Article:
If we must begin talking about presidential
candidates, let me tell you about Mitt Romney.
Personally, I hardly know him.
When he was Massachusetts governor, I knew a
lot of people in his administration so I worked with them on
taxation issues, but met Mitt himself only a few times over the
years, and never engaged in private conversation with him. So
the picture I am about to paint is only my impression of what
he's really like, created from flash-photos in my head.
I see Mitt as "Mr. Can Do," as in "Why the
h-e-double hockey-sticks is everyone standing around doing
nothing?" There are so many stories of this nature that the
attitude must be part of his basic psyche.
I didn't read his book about his experience
with the Salt Lake City Olympics, but recall reading somewhere
that he once jumped from his car to clear a traffic jam in
Olympic Park. We all heard about his rescuing foundering boaters
near his waterfront home in New Hampshire. We saw him striding
angrily from the Big Dig tunnel after the tile collapse that
killed a woman — and it didn't happen again.
During the New Hampshire primary, Granite
State Sen. Judd Gregg and I were discussing which of us should
walk first to the stage to introduce the candidate, when Mitt
charged past us with a grandchild on his shoulder, leapt onto
the stage, and reached a hand down to help me up.
I thought of this event early in Deval
Patrick's administration, when Easter Sunday drivers were
stalled on the Turnpike because of a shortage of holiday
toll-takers. Patrick said he could relate to their frustration
because he was stuck for awhile too.
I imagined Mitt being in that same position.
He would have leapt from his car and removed the tollgate (with
an axe from the trunk of his car if necessary), and waved
drivers through while using his cellphone to order all toll
booths opened. I can't imagine him passively sitting there in
traffic for even 10 minutes while an agency of the commonwealth
was screwing things up for people.
With this attitude in mind, let's talk about
the Romney family dog, whose temporary intestinal problem made
it impossible for him to ride in the station wagon during the
annual vacation trek to the Great Lakes. Mitt put the Irish
setter in his carrier on top of the car for the day-long drive,
which got them all to Michigan, albeit with an unpleasant brown
substance occasionally running down the outside of the windows.
Here is how I imagine the event. Mitt saw a
problem. The dog could be left behind, maybe boarded with a vet,
thereby missing the vacation fun with all the kids and other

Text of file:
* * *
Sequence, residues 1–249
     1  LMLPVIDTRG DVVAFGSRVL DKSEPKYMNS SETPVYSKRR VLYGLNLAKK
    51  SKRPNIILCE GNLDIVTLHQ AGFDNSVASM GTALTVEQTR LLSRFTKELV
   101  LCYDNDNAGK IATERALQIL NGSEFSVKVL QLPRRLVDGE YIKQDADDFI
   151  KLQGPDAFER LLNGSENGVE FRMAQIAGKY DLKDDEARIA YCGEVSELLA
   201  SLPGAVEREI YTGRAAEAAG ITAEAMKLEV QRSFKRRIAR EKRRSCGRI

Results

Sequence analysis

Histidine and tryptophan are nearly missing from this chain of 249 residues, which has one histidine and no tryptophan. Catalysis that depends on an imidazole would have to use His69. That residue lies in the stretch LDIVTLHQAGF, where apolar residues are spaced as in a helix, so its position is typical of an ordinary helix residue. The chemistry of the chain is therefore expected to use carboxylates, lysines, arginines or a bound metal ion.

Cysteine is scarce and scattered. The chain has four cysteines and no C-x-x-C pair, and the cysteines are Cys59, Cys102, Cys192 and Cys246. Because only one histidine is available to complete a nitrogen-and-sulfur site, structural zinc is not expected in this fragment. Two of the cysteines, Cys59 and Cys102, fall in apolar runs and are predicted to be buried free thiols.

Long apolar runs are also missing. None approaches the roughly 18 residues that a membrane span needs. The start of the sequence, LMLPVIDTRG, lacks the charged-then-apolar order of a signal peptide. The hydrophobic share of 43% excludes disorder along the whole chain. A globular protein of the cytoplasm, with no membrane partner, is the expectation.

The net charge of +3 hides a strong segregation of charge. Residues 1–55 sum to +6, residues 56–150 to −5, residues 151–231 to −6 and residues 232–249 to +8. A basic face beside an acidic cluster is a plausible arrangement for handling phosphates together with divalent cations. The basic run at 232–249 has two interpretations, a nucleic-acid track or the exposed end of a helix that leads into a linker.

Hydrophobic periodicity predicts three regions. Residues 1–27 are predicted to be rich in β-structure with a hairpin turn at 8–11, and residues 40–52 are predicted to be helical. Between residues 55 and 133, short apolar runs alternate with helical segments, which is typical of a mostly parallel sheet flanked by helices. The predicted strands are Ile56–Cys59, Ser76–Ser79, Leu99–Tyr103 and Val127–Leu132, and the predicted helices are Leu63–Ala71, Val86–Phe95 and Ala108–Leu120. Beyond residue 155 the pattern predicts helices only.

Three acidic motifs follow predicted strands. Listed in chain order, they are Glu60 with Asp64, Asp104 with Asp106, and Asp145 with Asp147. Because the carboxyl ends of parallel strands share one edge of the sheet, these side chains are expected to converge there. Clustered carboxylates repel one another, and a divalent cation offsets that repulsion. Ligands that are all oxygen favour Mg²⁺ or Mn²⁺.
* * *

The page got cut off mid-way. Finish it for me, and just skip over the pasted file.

dogs — or, he could get to the beach by riding on top, instead
of inside, the car. Mitt solved the problem, attaching a
windshield to the carrier. The eventually happy dog got to
vacation with his family.
Keep this story in mind while we talk about
RomneyCare, which RomneyOpponents hope to use to defeat him in
This time, I myself was there closely
watching the discussion about The Problem: An expensive health
insurance system that was subsidizing the uninsured through what
was called the "uncompensated care pool" which imposed
higher-than-necessary premiums on us insured citizens to pay
hospitals to provide free care, much of it taking place in
overcrowded emergency rooms.
My own organization insured four of us who
were subsidizing people who did not have insurance. We heard
stories about long, often painful waits in emergency rooms that
are required by the federal government to treat everyone.
Various administrations and interest groups had been trying to
find a solution for years.
Then along came Mitt. ("Why the
h-e-double-hockey-sticks is everyone standing around?")
He got "everyone" together for very public
hearings and forums, legislation was drafted, proposed, amended
and passed. Mitt vetoed some sections he found problematic, but
was overridden by the Democratic Legislature.
Still the new health insurance law worked the
first year. My organization's premiums actually dropped, as has
the money for the uncompensated care pool. Mitt moved on,
leaving a competent lieutenant, Kerry Healey, to run,
unfortunately unsuccessfully, for the job in 2006.
The necessary follow-up phases to the new
law, like cost containment, weren't done; while the Legislature
added mandates like a prescription drug benefit that my
organization didn't want but was forced to buy. I complained to
my legislators (for all the good that does; though as governor,
Mitt also tried to get new legislators elected to advance other
aspects of his reform agenda).
Sometimes, in Massachusetts, "Can Do" doesn't
get done because voters prefer that "D" stand for Democrat
instead of decisive action.
I wish Mitt had won the 2008 Republican
presidential nomination and then the election, because there are
a lot of things that badly need to be done in America. Voters
should read his new introduction to the paperback version of his
book, "No Apology," and imagine what it might be like to elect
someone in 2012 with the right ideas and the right attitude, for